I thought my little angels were upstairs sleeping peacefully. And then I heard stirring through the monitor.
Search: Noooo. No rawr, Destroy. We need to sleep now, k?
Destroy: Argh!!! He bite me!!!
But when they’re not otherwise dogpiling one another in dangerous situations, they’re actually quite fond of one another.
I’ve always heard twins have a special connection. It’s one of the reasons I advocated so vocally having the terrible twosome crib together as soon as they figured out the basic regulate ones own body temperature thing.
In fact, one of Search’s most inconsistent days in the NICU was the day after Destroy came home. His doctors ordered a slew of tests and prepared me for a delayed homecoming. But his nurses just laughed. “He misses his brother.”
And so, we have entered the brotherly love phase in force.
When together, they do their best to kill one another. (Or at least make it look realistic enough to drive their parents crazy.)
But they can’t stand to be apart.
At our last gymnastics outing, Destroy scampered away from the mat. He was not playing. “No, I have to go be in trouble outside. All done at nastics. Search is at home.”
When Destroy refused to cooperate, I employed the tried and true parental tactic of, “Ok, you stay here, we’re leaving.”
Search absolutely flipped his lid. “NOOO!!! DESTROY NEED COME TOO!!!”
Search got sick the day after his birthday. He went to sit pathetically in the school office, woefully clutching a bucket until someone came to retrieve him. Destroy was beside himself. When I picked Destroy up from school, he demanded I show him the office to prove Search wasn’t being left behind after having been in the place where Destroy often spends in preschool detention.
Not to long ago, I arrived to pick my little hurricanes and heard Search sobbing. “Why is he crying?” asked one of the attending adults. “I thought Destroy was the twin that got sent to time-out.”
They may be little pistols at home, but when Mom and Dad aren’t around to suck up to, Search and Destroy have one another’s back – in the way only 3-year-old boys can express.
I’ve recently noticed how easily they take to new situations. They have no fear. (Well, in context, Search is apparently afraid of the air conditioning.) Perhaps this is a result of their beginnings filled with strangers poking and prodding at them from prior to day 1. Perhaps this is because they already have a partner in crime.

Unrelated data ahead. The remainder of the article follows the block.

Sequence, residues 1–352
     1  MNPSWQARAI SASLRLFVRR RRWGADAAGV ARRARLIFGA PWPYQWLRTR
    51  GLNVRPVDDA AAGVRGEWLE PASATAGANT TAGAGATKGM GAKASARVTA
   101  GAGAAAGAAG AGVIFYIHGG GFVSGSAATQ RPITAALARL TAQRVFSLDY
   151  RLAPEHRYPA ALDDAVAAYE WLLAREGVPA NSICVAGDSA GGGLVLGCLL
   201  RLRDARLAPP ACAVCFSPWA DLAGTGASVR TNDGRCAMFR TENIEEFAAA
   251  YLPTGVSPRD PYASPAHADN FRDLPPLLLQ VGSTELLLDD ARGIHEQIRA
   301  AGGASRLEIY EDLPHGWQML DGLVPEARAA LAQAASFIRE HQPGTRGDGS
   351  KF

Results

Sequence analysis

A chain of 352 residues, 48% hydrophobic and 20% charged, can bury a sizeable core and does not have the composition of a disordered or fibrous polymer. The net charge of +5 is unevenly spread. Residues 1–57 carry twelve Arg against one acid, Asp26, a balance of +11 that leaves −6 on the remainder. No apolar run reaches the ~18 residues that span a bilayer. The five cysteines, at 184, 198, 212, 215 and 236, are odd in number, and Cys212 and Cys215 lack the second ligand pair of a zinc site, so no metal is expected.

This has occasionally made me pause. I believe this is something all mothers of multiples grapple with.
They are individuals. Two very different people. (And boy oh boy do they have different personalities.) But they’re also a team. I guess I’d always assumed such a connection applied more to identical twins then fraternal (what with the sharing of the exact same genes and all).
They don’t have the famed “twin language.” (Unless the “Mungo” declarations are really secret code.) Yet, I think it’s easy to forget that these are a duo who have spent their entire lives together – side by side.
Disclaimer: They won’t admit to being twins. One evening, wearing matching pjs, GrammaJ inquired, “Are you twins?”
“No,” scoffed the boys. “That’s my brother.”
It makes me think that maybe there really is something to that guardian angel theory.
It happened at Christmas.
Destroy: I see my sister. Right there!
Me: <laughing> You mean your brother?
Destroy: No. My sister. Right. There.
I of course immediately panicked that Baby C was back for a visit. Did the boys have a sister? Was their guardian angel another brother, dressed in a tutu, with a propensity for pranks that matched their own?
And then my thoughts return to reality.
The muppets were engaged in age appropriate imaginary play.
Search: Here you go D. I got this for you.
Destroy: Thanks Ser – we need something else.
Search: Sounds like we need a Mouseketool. How will we get that?
Destroy: Oh tooodles!
Brothers. Twins. Co-conspirators.